U.S. consumer prices fell by the most in more than five years in March as the coronavirus pandemic pummeled demand, fueling concerns that the economy is heading toward deflation.
The Labor Department reported Friday that the consumer price index dropped 0.4% last month amid a sharp decline in the cost of gasoline and record decreases in hotel accommodation, apparel and airline ticket prices.
The decline in the CPI was the largest since January 2015 and was slightly below economists’ estimates of a 0.3% slide. Prices had gone up 0.1% in February before the coronavirus crisis escalated.
In the 12 months through March, the CPI increased 1.5%, the smallest advance since February 2019, after accelerating 2.3% in February.
“The March consumer price report underscores that the fallout from the coronavirus has had a large disinflationary effect on prices due to the large demand shock, plunge in oil prices, and stronger dollar,” said Gregory Daco, chief U.S. economist at Oxford Economics.
Food prices increased 0.3% in March, reflecting stockpiling and hoarding by consumers, as did rents. But economists are predicting the disinflationary trend will persist for a while or even evolve into a sustained and broad decline in prices, or deflation.
“The big concern right now is deflation,” Gus Faucher, chief economist at PNC Financial, told Reuters. “Deflation is likely to take hold over the next few months as businesses slash prices in response to much lower demand from the coronavirus outbreak and associated restrictions on movement.”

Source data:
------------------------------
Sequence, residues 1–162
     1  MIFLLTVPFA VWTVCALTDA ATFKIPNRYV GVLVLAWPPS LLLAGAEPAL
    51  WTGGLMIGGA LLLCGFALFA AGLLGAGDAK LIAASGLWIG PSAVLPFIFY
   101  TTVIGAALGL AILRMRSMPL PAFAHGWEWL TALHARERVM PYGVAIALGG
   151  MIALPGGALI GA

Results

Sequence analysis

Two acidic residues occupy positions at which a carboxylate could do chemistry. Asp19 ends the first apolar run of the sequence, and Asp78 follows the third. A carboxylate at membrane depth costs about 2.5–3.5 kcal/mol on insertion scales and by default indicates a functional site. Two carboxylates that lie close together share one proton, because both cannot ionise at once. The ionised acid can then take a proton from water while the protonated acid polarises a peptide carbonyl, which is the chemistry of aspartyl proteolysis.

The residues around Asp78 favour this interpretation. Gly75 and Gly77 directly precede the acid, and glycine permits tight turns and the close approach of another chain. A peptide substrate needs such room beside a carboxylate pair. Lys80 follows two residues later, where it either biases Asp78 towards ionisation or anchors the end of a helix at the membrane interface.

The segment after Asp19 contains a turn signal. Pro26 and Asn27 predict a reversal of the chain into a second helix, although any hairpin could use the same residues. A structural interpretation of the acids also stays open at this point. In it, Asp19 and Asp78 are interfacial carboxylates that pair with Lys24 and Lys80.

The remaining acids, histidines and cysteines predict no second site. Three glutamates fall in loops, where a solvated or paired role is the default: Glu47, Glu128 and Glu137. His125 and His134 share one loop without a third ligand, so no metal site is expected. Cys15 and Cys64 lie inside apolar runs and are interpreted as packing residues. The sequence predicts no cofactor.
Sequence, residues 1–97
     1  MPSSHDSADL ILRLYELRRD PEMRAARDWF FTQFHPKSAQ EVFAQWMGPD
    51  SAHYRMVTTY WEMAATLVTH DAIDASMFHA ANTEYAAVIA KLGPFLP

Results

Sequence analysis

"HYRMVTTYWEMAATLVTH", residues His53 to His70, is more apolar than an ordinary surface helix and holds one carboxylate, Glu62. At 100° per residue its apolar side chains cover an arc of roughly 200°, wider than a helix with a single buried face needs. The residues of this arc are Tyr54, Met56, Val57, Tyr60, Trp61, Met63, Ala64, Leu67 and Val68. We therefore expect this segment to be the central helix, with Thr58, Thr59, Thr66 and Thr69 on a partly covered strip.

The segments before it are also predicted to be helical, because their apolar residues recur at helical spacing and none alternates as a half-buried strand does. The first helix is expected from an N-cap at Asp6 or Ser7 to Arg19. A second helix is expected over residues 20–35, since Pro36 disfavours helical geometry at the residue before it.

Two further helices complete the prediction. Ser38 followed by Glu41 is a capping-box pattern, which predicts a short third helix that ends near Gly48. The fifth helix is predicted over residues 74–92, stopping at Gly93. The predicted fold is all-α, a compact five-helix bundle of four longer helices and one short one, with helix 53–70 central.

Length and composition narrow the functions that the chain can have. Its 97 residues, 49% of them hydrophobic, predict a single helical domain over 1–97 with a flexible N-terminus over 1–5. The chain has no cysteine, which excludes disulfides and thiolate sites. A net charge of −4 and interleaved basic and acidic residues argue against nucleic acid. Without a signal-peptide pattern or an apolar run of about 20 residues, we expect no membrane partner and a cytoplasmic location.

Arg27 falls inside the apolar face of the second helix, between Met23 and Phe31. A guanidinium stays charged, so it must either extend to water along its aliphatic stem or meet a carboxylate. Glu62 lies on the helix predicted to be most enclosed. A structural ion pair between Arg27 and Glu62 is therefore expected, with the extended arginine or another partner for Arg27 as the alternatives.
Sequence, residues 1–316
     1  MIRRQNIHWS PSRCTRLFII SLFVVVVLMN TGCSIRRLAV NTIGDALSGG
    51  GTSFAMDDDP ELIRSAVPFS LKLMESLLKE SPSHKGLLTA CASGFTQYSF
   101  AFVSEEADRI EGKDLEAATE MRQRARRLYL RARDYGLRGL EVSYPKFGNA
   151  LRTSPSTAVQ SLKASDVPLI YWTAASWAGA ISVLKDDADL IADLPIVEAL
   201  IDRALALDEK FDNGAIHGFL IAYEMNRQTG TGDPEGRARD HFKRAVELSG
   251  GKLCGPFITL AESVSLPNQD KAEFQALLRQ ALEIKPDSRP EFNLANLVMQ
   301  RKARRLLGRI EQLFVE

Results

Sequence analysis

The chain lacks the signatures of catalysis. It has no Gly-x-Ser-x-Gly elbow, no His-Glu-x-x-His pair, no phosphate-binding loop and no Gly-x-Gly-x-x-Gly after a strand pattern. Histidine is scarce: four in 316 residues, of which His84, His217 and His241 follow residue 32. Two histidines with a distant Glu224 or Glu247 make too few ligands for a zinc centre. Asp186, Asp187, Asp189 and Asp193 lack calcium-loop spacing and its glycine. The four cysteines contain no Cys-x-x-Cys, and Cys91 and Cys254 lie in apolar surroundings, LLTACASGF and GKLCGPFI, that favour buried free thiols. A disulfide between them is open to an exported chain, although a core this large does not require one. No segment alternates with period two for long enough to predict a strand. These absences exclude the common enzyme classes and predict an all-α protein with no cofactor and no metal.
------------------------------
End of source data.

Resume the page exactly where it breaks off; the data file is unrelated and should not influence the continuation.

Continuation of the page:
According to The Wall Street Journal, supply chain disruptions could quickly ease once the coronavirus’s spread is slowed and lockdown measures are lifted but “lost income and the shock to consumer confidence could weigh on demand much longer.”
The March decline in the CPI was led by gasoline prices, which plunged 10.5%, the most since February 2016, after dropping 3.4% in February. Excluding the volatile food and energy components, the CPI dipped 0.1% in March, the first drop since January 2010.
The cost of hotel and motel accommodation tumbled a record 7.7% last month while airline fares plunged 12.6%, the biggest decline on record.
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